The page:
Bringing Alise home was the only mission that Redding knew about; Hest had not confided to him that once Sedric had been made tractable, he would probably displace Redding. Several times on the journey up the river, Hest had toyed with the idea of abandoning Redding to his own devices in Trehaug or Cassarick. It would give him a great deal of satisfaction to leave the greedy little man penniless in a strange city, and make for a wonderful tale for his inner circle when he returned to Bingtown. Unlike Sedric, Redding had not found much favor with Hest’s intimates. They’d be glad to see him gone. As would Hest. Except for a few small things. As Hest watched him patting his pursed lips with his napkin, he felt a minor stirring of interest. Sedric was classically handsome, but Redding was far more imaginative in some ways.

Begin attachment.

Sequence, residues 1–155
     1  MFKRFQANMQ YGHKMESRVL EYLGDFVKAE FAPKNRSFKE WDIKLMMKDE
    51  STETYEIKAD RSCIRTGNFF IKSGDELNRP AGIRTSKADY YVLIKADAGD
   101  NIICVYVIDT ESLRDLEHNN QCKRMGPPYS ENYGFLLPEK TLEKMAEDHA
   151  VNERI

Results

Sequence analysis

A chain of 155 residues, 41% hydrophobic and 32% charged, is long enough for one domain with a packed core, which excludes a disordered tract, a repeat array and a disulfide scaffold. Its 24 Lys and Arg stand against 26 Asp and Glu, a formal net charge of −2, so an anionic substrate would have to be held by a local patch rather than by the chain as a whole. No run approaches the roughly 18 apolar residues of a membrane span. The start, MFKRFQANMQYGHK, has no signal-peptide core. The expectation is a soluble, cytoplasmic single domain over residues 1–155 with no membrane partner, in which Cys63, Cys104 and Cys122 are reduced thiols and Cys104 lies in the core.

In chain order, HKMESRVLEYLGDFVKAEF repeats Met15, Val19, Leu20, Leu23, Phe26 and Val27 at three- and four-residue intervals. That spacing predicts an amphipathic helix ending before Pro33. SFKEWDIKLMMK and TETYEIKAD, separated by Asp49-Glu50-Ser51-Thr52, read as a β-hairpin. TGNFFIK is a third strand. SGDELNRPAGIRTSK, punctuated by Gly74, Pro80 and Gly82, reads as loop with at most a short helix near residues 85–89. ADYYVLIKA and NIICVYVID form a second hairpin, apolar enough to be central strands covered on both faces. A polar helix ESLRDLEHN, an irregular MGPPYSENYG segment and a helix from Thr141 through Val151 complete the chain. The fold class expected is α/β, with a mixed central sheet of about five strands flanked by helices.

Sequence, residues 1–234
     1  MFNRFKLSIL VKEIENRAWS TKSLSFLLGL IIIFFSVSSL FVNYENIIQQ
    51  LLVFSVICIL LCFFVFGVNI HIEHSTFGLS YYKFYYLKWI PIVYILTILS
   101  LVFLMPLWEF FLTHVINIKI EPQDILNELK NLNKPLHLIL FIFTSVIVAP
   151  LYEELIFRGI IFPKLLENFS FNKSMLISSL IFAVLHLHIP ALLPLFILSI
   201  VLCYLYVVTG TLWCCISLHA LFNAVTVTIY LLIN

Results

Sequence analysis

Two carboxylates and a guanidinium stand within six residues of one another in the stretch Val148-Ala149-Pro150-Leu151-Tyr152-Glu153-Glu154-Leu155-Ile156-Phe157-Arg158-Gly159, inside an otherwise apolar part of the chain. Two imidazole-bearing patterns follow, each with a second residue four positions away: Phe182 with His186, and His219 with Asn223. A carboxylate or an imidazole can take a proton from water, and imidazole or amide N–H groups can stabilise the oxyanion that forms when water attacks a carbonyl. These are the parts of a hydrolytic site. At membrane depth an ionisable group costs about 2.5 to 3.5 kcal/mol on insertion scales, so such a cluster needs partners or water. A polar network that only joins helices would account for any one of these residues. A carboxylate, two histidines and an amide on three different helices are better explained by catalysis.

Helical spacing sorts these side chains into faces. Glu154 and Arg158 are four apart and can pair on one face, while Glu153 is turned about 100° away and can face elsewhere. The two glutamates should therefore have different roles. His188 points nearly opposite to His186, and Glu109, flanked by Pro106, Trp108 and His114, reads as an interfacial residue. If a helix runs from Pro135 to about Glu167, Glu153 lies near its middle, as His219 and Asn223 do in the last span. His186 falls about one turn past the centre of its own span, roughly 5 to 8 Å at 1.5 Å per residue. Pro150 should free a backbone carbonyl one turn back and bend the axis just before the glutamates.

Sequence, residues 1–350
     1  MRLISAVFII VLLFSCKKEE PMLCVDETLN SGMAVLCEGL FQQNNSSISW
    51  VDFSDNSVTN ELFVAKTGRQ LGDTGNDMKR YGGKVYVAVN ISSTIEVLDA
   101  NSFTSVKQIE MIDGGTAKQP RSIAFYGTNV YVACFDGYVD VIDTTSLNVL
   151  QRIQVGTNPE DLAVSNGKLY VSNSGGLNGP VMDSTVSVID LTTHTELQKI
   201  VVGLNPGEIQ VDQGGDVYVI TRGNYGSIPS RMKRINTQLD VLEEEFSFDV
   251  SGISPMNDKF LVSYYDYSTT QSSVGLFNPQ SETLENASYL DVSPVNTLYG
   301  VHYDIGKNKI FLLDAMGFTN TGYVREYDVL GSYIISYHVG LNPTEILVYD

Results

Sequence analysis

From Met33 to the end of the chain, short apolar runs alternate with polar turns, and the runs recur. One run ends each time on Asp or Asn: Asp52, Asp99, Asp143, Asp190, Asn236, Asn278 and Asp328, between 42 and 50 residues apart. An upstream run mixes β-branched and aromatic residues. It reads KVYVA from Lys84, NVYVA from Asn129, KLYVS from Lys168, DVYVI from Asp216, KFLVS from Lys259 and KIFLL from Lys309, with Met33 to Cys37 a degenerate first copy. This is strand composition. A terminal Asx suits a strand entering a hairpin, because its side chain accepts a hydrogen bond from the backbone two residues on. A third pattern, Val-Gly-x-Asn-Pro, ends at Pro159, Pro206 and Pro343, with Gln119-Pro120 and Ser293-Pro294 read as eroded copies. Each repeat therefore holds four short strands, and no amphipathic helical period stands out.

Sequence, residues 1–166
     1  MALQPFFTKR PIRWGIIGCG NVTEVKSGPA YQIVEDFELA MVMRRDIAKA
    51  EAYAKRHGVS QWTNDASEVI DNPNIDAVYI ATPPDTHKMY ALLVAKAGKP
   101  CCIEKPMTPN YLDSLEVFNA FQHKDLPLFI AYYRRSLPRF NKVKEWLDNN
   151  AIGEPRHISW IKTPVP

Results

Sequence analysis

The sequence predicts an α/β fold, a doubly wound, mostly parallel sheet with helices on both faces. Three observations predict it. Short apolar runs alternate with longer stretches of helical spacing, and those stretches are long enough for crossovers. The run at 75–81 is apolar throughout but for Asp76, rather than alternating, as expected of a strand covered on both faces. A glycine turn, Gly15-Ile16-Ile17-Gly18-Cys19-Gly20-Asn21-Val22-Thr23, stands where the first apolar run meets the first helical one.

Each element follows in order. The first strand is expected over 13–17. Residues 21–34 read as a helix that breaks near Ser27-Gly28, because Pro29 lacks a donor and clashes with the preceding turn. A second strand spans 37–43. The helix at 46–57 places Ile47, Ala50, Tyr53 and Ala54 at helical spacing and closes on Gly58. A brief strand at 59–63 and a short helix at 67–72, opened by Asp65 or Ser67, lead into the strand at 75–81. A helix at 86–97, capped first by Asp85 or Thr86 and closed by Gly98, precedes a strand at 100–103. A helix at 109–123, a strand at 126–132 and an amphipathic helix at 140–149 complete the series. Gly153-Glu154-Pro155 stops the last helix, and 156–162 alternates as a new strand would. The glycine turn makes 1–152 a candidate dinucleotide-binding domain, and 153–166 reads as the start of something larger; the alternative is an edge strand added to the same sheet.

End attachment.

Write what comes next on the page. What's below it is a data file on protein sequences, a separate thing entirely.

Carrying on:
The little man became aware of Hest’s gaze. A smile bowed his lips and he licked them thoughtfully. “Before that,” he said coyly, “I’ve something else that may interest you. Something I learned on the deck. ”
Hest leaned forward on the table, intrigued. “On the deck? Redding, have you found a new playmate for us?”
Redding chortled. “My dear fellow, restrain yourself. I’m speaking of gossip, not a new bed game! I went out on the deck to get a bit of air, and there were two fellows out there already, chatting and smoking. I hadn’t seen either one of them before, so I held back a bit, and yes, I eavesdropped a bit. One of them was speaking of his cousin in Chalced. He was saying that his cousin had seen two dragons in the sky. A large blue one and an even larger black one. And I thought to myself, this is most likely Tintaglia and her mate. ” He paused and wriggled his eyebrows at Hest, waiting to hear how clever he was.
Hest had no time for such niceties. “Over Chalced?”